What if Alex Russo was part of the LGBTQ+ community?
Selena Gomez’s iconic character on Disney Channel’s hit show “Wizards of Waverly Place” was actually bisexual, according to the series showrunner.
One of the fantasy sitcom’s executive producers, Peter Murrieta, recently appeared on the podcast “Wizards of Waverly Pod” and revealed which storyline he wanted to probe into further.
“I wished we could have played more with what was quite obvious to a lot of us, was the relationship between Stevie and Alex,” the showrunner explained to the rewatch podcast’s hosts as well as the show’s stars, Jennifer Stone and David DeLuise.
Hayley Kiyoko appeared as Stevie Nichols in Season 3, during which she had a close friendship with Alex. Murrieta had hoped to explore their connection even more, believing he could create a queer relationship.
“We weren’t able to in that time, but it was pretty clear to all of us what that relationship was,” Murrieta added.
“Disney Channel has had [LGBTQ+] characters, and they did it. At that time it wasn’t a thing. But we got as close as we could … I mean, it was pretty close,” the filmmaker said of the show. “That would have been great.”
“Wizards of Waverly Place” aired on the Disney Channel from 2007 to 2012, and followed Alex and her family in dealing with their daily lives while harboring a secret — that they’re magical wizards.
Disney Channel began adding queer representation in their roster of characters in 2019 when the series “Andi Mack” had the network’s first openly gay figure, Cyrus Goodman (played by Joshua Rush).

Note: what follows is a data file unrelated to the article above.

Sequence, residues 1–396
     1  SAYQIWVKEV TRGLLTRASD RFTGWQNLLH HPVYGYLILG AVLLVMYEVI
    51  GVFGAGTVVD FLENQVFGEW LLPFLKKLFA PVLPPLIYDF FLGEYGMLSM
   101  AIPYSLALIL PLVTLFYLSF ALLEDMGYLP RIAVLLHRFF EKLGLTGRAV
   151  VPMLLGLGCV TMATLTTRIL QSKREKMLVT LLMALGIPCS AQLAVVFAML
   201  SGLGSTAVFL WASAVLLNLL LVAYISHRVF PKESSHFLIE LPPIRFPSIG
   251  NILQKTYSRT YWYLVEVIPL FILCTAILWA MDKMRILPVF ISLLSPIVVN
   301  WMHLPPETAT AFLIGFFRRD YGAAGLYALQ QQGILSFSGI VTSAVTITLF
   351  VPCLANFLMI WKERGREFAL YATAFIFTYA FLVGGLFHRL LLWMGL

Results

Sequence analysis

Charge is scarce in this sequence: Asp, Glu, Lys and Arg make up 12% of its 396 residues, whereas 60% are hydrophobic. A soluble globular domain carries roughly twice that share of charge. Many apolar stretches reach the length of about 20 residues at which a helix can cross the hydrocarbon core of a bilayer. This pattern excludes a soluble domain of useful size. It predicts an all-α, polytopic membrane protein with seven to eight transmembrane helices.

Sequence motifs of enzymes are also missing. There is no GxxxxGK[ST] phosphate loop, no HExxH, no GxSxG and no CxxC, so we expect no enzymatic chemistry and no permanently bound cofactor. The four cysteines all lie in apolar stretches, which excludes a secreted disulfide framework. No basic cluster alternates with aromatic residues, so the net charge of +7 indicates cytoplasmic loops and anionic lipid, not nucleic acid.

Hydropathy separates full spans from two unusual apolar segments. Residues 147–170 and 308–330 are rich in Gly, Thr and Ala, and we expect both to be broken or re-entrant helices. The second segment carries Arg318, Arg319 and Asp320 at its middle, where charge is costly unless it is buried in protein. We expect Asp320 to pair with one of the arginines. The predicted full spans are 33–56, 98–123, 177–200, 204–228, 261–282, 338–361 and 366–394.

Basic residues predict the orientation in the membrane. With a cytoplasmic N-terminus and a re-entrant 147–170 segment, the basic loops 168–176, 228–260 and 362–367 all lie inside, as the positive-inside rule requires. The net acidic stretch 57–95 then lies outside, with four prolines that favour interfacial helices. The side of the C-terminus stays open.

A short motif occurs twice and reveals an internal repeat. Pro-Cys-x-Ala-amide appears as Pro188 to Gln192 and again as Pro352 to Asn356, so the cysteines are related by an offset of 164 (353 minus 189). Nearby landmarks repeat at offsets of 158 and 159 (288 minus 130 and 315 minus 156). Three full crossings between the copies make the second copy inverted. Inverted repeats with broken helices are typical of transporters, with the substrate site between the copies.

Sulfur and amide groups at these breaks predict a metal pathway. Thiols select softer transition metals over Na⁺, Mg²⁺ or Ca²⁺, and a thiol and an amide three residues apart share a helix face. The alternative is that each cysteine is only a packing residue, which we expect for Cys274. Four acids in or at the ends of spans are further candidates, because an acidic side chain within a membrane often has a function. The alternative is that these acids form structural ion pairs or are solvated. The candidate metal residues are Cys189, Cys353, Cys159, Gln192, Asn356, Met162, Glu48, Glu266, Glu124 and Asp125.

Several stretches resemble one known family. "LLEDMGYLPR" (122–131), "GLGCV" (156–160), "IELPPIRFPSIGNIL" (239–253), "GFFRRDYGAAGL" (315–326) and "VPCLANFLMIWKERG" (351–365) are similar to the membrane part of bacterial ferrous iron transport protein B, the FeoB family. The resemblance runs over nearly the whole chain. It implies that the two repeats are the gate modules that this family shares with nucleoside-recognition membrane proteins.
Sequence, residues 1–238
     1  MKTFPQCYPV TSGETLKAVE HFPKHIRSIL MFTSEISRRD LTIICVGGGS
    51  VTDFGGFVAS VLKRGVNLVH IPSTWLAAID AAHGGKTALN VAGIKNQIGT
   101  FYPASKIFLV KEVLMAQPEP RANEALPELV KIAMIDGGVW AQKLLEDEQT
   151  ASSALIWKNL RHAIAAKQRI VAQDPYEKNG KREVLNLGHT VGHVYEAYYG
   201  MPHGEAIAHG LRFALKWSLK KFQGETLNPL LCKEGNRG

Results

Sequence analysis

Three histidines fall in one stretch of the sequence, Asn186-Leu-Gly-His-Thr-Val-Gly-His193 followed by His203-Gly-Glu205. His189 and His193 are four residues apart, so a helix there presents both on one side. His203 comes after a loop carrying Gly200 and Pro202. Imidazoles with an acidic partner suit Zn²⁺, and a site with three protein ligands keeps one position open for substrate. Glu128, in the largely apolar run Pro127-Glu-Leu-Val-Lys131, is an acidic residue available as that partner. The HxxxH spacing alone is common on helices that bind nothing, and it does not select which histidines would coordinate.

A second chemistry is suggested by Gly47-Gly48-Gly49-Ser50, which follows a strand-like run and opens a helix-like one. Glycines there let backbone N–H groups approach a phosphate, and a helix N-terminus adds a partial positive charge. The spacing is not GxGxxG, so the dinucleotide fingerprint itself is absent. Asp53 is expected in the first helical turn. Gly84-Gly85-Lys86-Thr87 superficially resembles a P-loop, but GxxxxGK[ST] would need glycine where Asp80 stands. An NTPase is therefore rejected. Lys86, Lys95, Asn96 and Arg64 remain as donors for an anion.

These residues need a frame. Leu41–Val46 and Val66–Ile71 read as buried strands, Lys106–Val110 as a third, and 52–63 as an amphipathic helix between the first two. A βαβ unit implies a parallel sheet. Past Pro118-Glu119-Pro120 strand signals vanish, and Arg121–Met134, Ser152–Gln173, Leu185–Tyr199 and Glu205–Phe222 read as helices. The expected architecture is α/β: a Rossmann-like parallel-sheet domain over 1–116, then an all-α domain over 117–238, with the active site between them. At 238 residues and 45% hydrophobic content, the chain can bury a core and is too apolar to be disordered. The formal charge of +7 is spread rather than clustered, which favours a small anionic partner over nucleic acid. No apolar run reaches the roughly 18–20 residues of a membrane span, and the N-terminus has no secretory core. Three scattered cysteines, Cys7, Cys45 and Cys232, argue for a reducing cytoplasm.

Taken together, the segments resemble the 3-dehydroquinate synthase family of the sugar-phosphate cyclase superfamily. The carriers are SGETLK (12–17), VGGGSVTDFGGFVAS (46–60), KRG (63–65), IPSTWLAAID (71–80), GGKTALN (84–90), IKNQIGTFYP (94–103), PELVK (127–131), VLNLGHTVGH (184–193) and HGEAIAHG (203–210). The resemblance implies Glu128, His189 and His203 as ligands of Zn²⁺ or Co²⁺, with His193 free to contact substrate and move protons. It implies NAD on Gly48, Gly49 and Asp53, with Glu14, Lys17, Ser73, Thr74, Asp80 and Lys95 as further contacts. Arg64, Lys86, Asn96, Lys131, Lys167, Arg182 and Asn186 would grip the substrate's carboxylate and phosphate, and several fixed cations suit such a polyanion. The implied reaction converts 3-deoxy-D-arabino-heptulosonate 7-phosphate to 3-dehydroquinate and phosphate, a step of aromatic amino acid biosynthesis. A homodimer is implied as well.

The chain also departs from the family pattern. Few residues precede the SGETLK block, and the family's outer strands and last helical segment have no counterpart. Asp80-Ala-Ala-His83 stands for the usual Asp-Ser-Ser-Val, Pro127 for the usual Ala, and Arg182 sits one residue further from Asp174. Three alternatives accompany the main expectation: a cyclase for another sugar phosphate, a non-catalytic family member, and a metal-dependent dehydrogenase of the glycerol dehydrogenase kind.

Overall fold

Alex had a multitude of heterosexual relationships on the show, including longtime crushes on characters Mason (Gregg Sulkin) and Dean Moriarty (Daniel Samonas).
Kiyoko — who is openly lesbian and came out to her parents in the sixth grade — wasn’t out when her episodes aired in 2010.
The “Lemonade Mouth” star opened up to Them last year about acting on the show while she was still in the metaphorical Hollywood closet.
“At this time, I wasn’t openly queer, and so when I was on ‘Wizards,’ I think anytime I was doing a show I felt very insecure or exposing myself as a flaming lesbian,” she said.
“But obviously [for] the fans who have watched the show, Stevie is a part of their gay awakening, and I wasn’t able to mask my lesbian energy very much in the character.”
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